Topic-based Authoring is an approach to developing end-user documentation that explicitly identifies and uses topics as a fundamental organising principle.
It is a set of practices, processes, tools, and an organising conceptual framework.
Topics are present in all human communication, but they are often implicit and not utilized as a formal organisational principle.
Contrast “writing to make the sentences and paragraphs clearer“, on one hand, with “writing to make the thinking clearer“, on the other.
The first – writing to make the sentences and paragraphs clearer – involves interaction with words and sentences, which can be explicitly identified and whose relationships can be formally described.
The second – writing to make the thinking clearer – involves interaction with topics.
When topics are implicit there are no terms to describe topics, and no vocabulary to describe their interaction and relationship. Authors can intuitively deal with and structure information without an explicit vocabulary for topics, but capturing and communicating practices and standards, and creating processes around those, is impossible.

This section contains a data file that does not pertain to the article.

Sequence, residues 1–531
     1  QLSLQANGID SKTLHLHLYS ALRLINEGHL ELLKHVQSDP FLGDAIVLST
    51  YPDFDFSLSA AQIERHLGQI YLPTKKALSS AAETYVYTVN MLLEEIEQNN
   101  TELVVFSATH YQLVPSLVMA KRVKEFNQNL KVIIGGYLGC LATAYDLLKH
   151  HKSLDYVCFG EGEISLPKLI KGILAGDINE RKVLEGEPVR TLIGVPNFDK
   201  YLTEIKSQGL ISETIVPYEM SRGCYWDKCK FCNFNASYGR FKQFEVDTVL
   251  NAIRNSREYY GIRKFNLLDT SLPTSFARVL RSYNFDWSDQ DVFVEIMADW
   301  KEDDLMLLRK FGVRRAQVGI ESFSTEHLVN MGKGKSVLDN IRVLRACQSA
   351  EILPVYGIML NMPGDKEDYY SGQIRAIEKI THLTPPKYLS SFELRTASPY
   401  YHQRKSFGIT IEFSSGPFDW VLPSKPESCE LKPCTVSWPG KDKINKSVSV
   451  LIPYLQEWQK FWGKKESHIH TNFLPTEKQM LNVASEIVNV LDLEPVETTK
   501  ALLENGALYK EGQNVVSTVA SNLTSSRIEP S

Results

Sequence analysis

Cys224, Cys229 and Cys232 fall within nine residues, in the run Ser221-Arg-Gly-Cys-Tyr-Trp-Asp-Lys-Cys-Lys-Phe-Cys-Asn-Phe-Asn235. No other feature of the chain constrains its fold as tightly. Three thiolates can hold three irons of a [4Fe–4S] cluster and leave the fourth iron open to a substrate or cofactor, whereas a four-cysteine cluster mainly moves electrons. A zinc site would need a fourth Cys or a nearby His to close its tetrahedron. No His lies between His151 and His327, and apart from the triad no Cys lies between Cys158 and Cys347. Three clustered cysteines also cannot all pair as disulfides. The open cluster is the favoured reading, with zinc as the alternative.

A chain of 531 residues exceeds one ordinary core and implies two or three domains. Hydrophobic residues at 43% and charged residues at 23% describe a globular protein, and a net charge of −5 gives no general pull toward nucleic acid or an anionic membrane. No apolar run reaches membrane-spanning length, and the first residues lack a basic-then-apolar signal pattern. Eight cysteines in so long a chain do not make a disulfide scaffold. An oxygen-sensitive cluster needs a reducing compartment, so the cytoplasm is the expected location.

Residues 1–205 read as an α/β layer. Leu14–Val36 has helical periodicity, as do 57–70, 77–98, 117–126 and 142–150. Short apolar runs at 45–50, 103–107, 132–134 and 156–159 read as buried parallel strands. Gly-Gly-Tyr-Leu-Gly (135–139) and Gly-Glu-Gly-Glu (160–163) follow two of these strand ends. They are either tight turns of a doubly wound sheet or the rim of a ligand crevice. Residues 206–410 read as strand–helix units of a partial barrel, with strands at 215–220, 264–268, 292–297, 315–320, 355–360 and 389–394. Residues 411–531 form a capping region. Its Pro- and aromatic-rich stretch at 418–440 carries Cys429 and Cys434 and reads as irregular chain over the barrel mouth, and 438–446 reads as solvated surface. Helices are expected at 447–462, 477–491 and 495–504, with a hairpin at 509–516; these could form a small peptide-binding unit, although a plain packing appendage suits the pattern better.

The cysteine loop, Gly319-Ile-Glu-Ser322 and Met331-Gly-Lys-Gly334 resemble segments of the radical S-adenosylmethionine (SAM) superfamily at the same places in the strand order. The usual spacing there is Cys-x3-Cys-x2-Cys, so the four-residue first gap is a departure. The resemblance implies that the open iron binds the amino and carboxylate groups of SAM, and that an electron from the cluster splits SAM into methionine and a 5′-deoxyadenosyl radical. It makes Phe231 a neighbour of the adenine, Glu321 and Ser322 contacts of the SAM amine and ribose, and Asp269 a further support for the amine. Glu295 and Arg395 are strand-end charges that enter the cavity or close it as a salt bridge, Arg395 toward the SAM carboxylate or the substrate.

Topics become explicit first when they are a participant in the universe of discourse of authors. This can be thought of as weakly topic-based authoring. In this stage authors know what topics are, can see them in existing documentation, and may even use them as an organising principle while planning and writing. However, there is no specialised tooling support for topics, and the topic does not have an existence beyond an organising principle in the mind of the author.
Topics become completely explicit when they become first-class citizens, with a formal existence and participation in documentation workflow from planning to implementation as an organising principle with support from tooling. This is strongly topic-based authoring. In this stage topics are both used as an organising principle, and also have a physical existence in the workflow and toolchain.
Topic-based authoring (either weak or strong) produces the traditional output media expected by users, such as books, articles and help files. However, it can also produce enhanced output such as dynamic websites.
Topic-based authoring is used by companies to aid in information planning and project management, increase automation, decrease maintenance costs, and increase reuse (including multiple output structures from the same content).